This last demand would likely make it easier for the Feds to inspect an Internet user’s traffic for sign of infringement like data packet sniffing.

It’s not clear how much of an effect any of these additional tools would have, especially considering that most infringing sites are located overseas. What good is a felony conviction for an admin of an illegal streaming site based in the Ukraine or China?

Expanded wiretapping powers could help discover and prosecute intellectual property crimes, but aren’t current laws already well-suited for those committed within the reach of US law enforcement?

Apparently no law is ever strong enough for US copyright holders.

Stay tuned.

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Jared Moya
I've been interested in P2P since the early, high-flying days of Napster and KaZaA. I believe that analog copyright laws are ill-suited to the digital age, and that art and culture shouldn't be subject to the whims of international entertainment industry conglomerates. Twitter | Google Plus
Kyle Murphy
Kyle Murphy

Why would anybody want to stream copyrighted material that isn't theirs? Don't you people understand that people have to earn a living by selling the products they create? If you're duplicating and streaming and giving away for free, the things people work hard to create, you are robbing them of money from their pocket! What's so hard to understand? If it's not yours, don't upload it for other people to watch/listen to/use etc. I mean, what is so hard to understand? It's stealing. Stealing has been against the law for a long, long time.

Nerd Uno
Nerd Uno

Ironic: Correct me if I'm wrong but Time Warner's streaming of unauthorized content to iPads would be a felony under this newly proposed bill.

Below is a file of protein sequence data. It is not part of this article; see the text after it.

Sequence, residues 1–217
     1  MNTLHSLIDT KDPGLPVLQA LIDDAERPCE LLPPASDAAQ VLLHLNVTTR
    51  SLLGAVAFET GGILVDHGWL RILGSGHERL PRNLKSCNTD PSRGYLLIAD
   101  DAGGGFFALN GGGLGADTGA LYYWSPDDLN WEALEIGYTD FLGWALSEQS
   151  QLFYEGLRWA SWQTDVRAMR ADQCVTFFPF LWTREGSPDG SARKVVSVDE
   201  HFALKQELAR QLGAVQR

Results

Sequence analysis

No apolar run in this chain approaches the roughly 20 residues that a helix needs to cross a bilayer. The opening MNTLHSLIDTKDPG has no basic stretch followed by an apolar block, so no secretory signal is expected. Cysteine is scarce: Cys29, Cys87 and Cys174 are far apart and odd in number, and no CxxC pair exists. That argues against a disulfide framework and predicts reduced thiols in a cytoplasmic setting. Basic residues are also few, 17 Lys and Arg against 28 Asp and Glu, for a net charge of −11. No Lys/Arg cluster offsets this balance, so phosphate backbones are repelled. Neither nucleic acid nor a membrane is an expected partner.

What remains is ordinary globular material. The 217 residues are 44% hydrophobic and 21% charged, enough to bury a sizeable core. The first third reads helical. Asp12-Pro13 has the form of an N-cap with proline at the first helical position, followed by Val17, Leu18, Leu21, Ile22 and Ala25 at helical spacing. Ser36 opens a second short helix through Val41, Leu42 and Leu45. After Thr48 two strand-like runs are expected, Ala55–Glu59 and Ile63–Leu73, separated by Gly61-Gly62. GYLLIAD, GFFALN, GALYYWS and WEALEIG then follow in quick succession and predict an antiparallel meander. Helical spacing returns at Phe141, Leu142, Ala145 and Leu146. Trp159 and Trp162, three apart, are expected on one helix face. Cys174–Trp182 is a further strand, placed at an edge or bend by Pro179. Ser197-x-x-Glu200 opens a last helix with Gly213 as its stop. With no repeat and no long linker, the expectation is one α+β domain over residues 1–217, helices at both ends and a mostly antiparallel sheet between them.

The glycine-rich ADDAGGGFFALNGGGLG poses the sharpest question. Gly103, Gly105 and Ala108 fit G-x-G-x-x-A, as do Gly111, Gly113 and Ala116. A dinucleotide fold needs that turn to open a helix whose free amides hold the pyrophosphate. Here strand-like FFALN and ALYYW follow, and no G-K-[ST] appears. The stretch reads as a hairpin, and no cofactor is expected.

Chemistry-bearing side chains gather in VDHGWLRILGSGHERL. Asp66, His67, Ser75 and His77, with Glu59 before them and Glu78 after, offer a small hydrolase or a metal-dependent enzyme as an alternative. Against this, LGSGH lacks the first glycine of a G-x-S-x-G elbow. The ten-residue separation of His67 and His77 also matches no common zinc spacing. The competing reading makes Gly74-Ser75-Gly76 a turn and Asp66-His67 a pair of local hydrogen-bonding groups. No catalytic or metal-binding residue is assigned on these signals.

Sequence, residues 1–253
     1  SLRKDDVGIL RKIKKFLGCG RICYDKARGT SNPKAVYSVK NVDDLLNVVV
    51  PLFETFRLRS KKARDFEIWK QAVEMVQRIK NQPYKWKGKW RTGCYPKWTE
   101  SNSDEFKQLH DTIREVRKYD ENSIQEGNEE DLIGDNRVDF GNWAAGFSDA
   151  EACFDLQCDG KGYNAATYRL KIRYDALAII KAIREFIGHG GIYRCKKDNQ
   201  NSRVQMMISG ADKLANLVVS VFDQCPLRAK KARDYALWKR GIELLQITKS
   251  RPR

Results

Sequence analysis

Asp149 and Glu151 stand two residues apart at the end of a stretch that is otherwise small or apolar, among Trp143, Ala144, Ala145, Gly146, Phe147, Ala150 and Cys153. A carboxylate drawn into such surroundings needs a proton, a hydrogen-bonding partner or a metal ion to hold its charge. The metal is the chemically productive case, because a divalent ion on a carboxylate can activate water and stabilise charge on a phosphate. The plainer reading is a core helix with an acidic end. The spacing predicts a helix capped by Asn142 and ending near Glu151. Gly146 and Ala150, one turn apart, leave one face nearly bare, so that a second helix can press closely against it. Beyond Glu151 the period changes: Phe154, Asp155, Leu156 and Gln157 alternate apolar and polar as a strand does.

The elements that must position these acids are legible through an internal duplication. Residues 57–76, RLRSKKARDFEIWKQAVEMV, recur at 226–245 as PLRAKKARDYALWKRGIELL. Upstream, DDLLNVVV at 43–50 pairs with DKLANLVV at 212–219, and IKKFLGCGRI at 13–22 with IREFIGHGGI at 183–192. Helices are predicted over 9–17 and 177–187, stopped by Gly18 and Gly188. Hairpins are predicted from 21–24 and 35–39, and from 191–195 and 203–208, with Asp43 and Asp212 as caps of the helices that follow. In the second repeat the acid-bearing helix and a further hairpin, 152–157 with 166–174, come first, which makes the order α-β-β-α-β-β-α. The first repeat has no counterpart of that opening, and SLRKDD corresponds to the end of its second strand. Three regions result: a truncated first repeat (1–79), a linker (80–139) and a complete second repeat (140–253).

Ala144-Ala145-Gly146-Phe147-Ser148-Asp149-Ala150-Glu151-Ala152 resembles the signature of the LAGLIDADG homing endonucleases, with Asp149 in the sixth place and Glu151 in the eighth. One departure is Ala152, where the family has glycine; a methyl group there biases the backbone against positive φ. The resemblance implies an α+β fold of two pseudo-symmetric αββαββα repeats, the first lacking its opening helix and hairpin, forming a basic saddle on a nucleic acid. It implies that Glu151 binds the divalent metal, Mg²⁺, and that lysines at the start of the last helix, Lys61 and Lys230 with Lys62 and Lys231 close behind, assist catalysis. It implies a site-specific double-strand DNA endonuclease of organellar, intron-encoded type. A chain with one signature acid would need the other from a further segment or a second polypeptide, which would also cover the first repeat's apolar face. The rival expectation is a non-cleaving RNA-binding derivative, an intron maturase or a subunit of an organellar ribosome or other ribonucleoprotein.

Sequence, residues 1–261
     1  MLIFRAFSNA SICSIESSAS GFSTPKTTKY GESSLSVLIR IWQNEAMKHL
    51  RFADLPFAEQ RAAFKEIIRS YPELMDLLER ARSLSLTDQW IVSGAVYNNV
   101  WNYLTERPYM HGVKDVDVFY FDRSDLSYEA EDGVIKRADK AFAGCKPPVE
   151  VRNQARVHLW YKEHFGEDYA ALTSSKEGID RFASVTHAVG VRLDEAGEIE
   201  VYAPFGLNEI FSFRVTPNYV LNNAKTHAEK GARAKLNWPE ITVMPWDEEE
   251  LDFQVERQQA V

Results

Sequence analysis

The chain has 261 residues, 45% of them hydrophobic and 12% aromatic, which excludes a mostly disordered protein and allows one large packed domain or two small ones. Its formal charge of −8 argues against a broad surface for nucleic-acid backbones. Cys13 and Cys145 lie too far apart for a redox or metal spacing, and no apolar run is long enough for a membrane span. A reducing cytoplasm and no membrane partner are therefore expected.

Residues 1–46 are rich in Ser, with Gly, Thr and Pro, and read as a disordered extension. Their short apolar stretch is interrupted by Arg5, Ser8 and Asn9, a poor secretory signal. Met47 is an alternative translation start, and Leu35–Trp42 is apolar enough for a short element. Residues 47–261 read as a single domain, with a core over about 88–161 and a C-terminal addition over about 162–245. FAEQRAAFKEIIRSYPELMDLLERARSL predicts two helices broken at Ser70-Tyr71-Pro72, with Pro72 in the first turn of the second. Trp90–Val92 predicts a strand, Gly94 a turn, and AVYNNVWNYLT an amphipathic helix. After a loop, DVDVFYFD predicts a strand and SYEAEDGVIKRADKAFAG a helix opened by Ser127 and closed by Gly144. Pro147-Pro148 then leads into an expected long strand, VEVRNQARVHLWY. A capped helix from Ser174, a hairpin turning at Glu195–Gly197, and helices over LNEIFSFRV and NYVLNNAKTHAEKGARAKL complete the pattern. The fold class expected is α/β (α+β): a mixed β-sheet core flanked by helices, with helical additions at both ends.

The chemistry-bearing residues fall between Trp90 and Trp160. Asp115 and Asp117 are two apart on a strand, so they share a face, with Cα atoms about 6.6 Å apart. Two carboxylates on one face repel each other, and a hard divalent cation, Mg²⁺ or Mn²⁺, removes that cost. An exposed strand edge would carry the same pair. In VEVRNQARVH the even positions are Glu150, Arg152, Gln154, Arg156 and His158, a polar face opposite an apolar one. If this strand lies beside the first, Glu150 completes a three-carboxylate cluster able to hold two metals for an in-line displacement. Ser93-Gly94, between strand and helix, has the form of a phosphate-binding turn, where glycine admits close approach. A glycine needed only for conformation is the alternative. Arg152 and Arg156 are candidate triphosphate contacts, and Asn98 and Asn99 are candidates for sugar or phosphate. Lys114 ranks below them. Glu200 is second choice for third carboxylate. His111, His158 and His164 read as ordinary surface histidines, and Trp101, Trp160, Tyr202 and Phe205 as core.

me
me

capitalism a love story

jeez
jeez

So much for that "hope and change" lol.

nWo
nWo

Ron Paul 2012

governmenz r teh slow
governmenz r teh slow

meh, whatever. theyre so slow and dumb. usually i curse em for it. in this case ill just LOL tho. at this rate all the laws in the world wont stop anything. they get an order of magnitude further behind every day. takes what, a few days to learn a new technique, while they take over a decade to do squat? not that i like all this BS, but it could b worse. and whoever said they arent subject to the same transparency, thats why u need to support anonymous and wikileaks and whistleblowers and hackers all around. no they wont ever GIVE us transparency, but we can TAKE it, as shown by anonymous and wikileaks and lots of other examples. the web is special, it lets us unite against the gov. crooks, keep fighting

Anonymous
Anonymous

Someone better Jared Loughner that stupid cunt.

Heironymouse
Heironymouse

If there's one thing we can learn from crime, it's that the more actions you criminalize, the more crime there is. Duh! Lets deregulate and go back to the roots! No more victim-less crimes! Steal a CD, then you have a victim -the former CD-owner. Rip a CD, then you have no victim. The CD is still there. Information is free, even in the digital world. Here's something that you can't steal: Live performances. Sure I could try to perform it, but only the original artist will sound right.